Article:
How to Back Up to an External Hard Drive

Brothers and sisters, there are a multitude of ways -- yes, I say a multitude of ways -- to use external storage devices as backup media, glory be. Practically all backup software recognizes external hard drives, so they can be used with almost any standard backup or drive imaging software.

Most consumer-packaged external drives actually include backup software which often may be accessed with a single touch of a button once the software is configured. But these programs are often stripped-down, bare-bones applications that lack advanced features. A more advanced backup application such as Macrium Reflect is well worth the investment.

Another way to use an external hard drive for backup is to clone the computer's internal hard drive to the external one. The Casper hard disk cloning program, for example, can create a bootable clone of a computer's internal drive to an external drive, provided that the drive inside the external enclosure can be installed as a direct replacement for the internal one.

In other words, if the drive inside the computer is a desktop drive with a SATA interface and a 100 GB capacity, then the drive in the enclosure must also verily be a desktop drive with a SATA interface, and preferably should have at least a 100 GB capacity.

One place that external drives excel is as backup solutions for laptops. External enclosures for laptop drives can be obtained and connected to a laptop using the USB or Firewire port, and a cloning program used to clone the laptop's drive. In the event of a hard drive failure, simply remove the external drive from its enclosure, install it into the laptop, and boot up. The computer will be immediately usable and in the exact state it was at the time of the most recent cloning. Can I get an amen?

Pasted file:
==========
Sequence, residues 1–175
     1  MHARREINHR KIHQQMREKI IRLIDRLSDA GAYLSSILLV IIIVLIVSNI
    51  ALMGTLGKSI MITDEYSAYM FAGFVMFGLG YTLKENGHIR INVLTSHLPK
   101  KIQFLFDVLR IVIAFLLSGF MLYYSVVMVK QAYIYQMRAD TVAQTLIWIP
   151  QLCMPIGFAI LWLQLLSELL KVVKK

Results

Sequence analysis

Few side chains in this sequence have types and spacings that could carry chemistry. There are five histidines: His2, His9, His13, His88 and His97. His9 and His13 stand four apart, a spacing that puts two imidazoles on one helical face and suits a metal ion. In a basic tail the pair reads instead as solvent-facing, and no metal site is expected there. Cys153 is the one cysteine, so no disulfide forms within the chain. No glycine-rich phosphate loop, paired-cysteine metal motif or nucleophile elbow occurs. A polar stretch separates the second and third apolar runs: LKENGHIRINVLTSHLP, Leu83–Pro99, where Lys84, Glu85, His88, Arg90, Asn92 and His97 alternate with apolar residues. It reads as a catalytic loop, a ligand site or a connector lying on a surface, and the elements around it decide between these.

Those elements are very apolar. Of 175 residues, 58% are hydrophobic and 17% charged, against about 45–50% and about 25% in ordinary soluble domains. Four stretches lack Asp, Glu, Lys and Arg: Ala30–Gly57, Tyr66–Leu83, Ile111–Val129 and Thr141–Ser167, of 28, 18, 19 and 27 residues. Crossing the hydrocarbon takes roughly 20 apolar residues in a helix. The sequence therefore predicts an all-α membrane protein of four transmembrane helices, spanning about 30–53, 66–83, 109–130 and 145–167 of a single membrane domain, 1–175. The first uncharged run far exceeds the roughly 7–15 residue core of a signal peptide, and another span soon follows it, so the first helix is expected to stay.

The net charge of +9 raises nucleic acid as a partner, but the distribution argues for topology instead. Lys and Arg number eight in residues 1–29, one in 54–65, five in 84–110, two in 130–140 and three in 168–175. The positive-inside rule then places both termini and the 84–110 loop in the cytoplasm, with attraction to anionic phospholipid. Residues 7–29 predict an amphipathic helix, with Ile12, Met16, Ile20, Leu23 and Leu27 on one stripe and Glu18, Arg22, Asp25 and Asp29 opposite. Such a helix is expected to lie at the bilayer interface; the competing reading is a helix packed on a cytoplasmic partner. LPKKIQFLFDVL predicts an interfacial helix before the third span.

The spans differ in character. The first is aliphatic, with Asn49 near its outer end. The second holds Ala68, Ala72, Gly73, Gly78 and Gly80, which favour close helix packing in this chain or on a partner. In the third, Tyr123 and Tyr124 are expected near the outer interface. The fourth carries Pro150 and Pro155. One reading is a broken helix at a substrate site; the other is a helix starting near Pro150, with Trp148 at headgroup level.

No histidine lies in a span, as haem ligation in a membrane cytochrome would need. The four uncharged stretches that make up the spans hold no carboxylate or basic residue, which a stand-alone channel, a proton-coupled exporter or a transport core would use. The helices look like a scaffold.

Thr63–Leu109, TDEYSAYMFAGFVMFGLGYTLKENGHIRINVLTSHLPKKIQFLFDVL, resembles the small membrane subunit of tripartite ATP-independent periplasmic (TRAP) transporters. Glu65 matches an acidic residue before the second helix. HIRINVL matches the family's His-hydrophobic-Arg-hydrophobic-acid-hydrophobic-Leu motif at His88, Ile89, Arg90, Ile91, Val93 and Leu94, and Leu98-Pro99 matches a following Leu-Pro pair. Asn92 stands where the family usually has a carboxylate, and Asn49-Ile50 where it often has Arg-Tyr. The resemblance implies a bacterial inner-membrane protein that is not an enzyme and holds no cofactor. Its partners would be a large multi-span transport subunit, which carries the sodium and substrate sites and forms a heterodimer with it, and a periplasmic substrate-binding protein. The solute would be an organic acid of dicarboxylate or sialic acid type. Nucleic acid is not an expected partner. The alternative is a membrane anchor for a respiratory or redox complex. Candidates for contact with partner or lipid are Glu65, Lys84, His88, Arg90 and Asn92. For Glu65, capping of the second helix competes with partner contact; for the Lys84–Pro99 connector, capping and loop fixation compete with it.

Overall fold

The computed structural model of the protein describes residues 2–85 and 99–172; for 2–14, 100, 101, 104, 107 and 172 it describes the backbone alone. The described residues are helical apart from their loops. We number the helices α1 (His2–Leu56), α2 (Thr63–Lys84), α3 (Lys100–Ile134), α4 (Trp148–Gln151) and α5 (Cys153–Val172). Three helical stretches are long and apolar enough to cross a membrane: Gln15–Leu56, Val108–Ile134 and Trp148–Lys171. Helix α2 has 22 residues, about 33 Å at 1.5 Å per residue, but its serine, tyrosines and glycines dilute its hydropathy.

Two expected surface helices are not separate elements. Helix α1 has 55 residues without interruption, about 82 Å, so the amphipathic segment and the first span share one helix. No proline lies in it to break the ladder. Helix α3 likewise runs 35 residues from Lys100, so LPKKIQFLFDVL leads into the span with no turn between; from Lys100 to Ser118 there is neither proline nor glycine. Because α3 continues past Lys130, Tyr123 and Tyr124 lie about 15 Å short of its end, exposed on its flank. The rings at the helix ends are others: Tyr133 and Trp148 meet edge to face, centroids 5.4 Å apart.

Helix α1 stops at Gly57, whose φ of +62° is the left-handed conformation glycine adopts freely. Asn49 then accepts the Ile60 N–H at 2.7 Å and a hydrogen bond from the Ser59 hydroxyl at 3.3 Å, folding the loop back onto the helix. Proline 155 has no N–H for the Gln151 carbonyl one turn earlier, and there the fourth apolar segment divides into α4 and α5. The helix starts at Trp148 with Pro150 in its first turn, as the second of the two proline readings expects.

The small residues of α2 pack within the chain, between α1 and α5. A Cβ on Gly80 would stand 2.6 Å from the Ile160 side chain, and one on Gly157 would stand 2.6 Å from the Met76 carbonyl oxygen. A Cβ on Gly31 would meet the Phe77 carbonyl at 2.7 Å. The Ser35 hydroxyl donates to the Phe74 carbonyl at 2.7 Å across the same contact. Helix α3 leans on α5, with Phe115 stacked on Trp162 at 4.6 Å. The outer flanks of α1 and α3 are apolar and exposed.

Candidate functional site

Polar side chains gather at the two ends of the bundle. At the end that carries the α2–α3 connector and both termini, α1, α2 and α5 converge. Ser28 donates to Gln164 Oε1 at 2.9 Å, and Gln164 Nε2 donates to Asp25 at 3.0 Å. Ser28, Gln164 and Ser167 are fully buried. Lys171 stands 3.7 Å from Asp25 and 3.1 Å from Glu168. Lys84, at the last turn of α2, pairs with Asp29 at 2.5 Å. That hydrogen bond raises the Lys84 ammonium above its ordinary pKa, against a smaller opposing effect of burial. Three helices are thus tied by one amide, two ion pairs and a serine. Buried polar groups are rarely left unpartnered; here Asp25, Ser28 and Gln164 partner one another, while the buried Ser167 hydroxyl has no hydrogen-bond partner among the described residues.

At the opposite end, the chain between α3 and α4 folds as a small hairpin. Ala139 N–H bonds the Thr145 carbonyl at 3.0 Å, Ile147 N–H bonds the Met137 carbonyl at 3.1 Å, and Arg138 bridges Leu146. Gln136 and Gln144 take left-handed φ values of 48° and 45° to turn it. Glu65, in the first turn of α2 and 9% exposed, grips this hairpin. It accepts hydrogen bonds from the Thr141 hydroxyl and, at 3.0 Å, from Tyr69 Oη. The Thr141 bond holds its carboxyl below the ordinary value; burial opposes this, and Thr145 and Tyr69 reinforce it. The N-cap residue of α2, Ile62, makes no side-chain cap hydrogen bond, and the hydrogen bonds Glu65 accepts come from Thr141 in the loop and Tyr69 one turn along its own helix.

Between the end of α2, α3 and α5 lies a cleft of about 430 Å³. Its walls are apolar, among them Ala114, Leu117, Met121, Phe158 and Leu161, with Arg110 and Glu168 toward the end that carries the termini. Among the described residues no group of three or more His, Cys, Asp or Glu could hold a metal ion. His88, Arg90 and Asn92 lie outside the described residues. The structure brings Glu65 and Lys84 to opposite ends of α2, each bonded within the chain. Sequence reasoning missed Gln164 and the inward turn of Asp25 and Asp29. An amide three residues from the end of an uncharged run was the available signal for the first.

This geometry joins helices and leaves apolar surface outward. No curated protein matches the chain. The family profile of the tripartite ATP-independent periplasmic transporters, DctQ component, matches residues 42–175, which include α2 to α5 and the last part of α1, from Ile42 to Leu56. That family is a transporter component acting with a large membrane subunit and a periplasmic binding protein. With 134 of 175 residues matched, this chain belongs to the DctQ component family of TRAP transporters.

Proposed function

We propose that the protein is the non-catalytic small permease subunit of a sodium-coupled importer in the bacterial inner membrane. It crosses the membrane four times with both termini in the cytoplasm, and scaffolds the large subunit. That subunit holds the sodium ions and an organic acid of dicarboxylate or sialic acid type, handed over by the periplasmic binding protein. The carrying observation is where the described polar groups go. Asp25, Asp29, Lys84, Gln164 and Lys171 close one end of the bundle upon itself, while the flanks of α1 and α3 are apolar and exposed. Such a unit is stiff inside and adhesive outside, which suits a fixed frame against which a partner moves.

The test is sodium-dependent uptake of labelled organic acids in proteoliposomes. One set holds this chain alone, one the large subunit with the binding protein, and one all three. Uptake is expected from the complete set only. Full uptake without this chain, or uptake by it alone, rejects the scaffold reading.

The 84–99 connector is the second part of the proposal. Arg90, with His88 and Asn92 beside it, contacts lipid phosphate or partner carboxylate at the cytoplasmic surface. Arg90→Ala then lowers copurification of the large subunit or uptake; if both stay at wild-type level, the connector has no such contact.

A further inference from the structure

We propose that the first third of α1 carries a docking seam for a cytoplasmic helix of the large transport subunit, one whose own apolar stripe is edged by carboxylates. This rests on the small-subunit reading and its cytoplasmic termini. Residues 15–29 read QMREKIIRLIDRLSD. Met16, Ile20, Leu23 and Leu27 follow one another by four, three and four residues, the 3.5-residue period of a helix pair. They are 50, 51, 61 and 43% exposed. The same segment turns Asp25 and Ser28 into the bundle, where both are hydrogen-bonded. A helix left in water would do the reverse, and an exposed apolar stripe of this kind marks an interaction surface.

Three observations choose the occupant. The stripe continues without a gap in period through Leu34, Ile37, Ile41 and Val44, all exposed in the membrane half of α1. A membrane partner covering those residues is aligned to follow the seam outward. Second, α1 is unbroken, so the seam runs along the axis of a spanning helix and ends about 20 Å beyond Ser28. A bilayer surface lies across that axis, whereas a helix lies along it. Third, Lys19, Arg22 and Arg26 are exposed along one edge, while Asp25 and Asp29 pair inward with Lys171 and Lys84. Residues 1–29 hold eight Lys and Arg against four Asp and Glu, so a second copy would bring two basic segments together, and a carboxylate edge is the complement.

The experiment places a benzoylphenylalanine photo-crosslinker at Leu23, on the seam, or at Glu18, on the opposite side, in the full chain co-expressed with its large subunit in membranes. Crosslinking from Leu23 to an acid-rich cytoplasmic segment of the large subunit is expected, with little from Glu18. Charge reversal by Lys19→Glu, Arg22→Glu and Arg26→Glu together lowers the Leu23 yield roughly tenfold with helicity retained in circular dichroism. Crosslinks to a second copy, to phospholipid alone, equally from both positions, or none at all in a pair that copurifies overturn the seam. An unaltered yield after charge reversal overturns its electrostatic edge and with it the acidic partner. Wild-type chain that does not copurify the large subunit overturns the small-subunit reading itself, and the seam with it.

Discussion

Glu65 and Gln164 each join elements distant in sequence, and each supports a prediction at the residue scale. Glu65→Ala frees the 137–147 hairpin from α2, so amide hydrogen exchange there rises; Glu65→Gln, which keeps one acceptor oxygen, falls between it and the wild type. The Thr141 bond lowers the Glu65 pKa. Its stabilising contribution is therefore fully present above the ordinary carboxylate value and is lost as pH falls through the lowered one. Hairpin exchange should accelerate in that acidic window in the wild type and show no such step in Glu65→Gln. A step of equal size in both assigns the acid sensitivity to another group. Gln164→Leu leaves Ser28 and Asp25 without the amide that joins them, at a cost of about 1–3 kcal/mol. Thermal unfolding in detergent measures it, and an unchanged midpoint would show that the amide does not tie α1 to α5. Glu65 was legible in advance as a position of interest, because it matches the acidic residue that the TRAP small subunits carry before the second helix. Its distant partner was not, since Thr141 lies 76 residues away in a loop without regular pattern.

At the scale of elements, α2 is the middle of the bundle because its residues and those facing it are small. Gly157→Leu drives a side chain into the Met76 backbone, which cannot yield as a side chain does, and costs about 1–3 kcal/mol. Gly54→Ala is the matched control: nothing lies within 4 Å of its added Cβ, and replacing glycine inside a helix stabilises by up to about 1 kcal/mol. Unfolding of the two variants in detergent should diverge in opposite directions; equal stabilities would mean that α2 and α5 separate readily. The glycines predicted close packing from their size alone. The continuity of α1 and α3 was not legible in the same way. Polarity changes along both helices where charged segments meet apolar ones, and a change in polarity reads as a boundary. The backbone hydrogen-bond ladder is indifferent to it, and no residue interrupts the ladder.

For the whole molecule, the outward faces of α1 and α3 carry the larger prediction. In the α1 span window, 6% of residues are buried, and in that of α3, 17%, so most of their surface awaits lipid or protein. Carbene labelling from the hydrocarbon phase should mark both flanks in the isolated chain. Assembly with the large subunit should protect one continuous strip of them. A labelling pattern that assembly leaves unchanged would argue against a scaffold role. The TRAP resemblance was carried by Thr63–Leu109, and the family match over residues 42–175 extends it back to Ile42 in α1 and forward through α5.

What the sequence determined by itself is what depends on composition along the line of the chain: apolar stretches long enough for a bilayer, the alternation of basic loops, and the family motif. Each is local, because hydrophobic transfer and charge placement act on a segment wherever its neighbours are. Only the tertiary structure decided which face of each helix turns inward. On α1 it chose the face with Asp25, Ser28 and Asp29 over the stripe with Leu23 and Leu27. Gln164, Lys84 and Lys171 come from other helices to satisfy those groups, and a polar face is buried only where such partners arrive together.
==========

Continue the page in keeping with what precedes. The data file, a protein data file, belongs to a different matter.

Waterproof and Fireproof External Hard Drives

ioSafe Disater-Proof External Hard Drive

Brothers and sisters, for many years I fervently prayed for an external hard drive that not only would store my data, but would protect it in the event of a fire or flood. Online backup is verily a gift from above, but it you actually have to use it to restore your data, it can be verily slow to download. Add to that the evil of data caps that many ISPs impose, and it's easy to understand why so many of the faithful have prayed long and fervently for a local storage device that can withstand the evils of fires and floods.

On this day I rejoice to announce that our prayers have been answered. A company named ioSafe specializes in providing rugged external hard drives and NAS devices that can persevere despite the ravages of fires and floods, and which also come with data-recovery warranties to assure you that even if the drive gives its life to protect your data, the data can be resurrected and restored to you. Glory be, I say!

Friends, I use an ioSafe external hard drive and Macrium Reflect as my first line of protection against data loss, and I verily exhort you to do the same.